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Small Animal Flukes. Nanophytes salmincola

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Presentation Transcript
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Nanophytes salmincola

Life Cycle: There are 32 known natural and experimental hosts for Nanophytes. Most of these are wild or domestic fish-eating mammals (i.e. , raccoon, bear, lynx, fox, dog, etc.), but three species of fish-eating birds can also complete development of the fluke. Although the fluke can develop in all these species of animals, only the dog and other members of the Canidae such as the fox and coyote are susceptible to Neorickettsia helminthoeca, the "salmon poisoning" agent, that the fluke carries. A second rickettsia-like agent which is

serologically distinct from Neorickettsiahelminthoeca is also transmitted by Nanophyetes to dogs and acts synergistically with it to produce clinical disease. This agent is at present known as the "Elokomin fluke fever agent". Since a generic name has not yet been assigned these two agents generally occur together in dogs to form the "Salmon poisoning disease complex", although the Elokomin fluke fever agent has been isolated singly from naturally infected dogs.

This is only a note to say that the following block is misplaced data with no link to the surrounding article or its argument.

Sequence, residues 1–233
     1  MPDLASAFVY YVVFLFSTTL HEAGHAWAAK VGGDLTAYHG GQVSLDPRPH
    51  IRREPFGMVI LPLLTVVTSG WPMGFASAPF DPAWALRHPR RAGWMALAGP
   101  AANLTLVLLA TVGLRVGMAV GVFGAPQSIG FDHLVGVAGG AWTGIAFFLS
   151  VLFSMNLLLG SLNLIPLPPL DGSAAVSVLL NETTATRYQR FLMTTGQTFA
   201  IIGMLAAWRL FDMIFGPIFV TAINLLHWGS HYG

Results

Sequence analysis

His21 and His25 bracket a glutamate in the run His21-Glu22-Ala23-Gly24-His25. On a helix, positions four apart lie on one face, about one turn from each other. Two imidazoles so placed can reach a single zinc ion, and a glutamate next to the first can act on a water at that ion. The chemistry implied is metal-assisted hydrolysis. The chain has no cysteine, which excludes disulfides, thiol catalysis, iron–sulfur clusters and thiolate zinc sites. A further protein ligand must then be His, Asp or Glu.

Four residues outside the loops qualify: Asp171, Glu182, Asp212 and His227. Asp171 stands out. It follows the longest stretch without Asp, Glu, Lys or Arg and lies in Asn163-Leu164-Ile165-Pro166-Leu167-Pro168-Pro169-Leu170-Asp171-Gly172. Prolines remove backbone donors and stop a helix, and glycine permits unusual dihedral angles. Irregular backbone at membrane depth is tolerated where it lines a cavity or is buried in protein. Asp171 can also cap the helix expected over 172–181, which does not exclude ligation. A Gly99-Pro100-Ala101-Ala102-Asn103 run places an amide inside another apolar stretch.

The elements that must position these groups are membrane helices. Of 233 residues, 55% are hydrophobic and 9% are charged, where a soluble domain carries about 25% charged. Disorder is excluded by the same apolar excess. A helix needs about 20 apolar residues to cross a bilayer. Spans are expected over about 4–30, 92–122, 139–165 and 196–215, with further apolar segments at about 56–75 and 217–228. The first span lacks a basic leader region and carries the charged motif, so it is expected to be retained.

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Eggs are shed in the feces of the definitive host and undergo further maturation and development in water. After 90 days, ciliated, free swimming miracidium emerge from the operculated end of the ova which have about 24 hours to find and penetrate the snail intermediate host, Goniobasis plicifera. After penetrating into the snail, development of asexually reproducing larval stages begins -- the miracidia becomes a sporocyst, the sporocyst gives rise to mother rediae, and the mother rediae produce daughter rediae. Daughter redia produce stub-tail cercaria which the snail sheds into the water.

Cercaria can either penetrate one of the fish secondary intermediate hosts directly through the skin upon contact, or they can be ingested. Either way, the cercaria migrate to deeper tissues via the circulatory system and encyst as metacercaria. After 10 days, the metacercaria are infective for the final host. Salmon are the principle fish intermediate host for Nanophyetus although trout, steelhead and the Pacific giant salamander can also be infected.

Once in the definitive host, metacercaria hatch in the intestinal tract, and young flukes attach to the mucosa. A rapid maturation of the fluke occurs and in 5- 7 days ova again appear in the feces .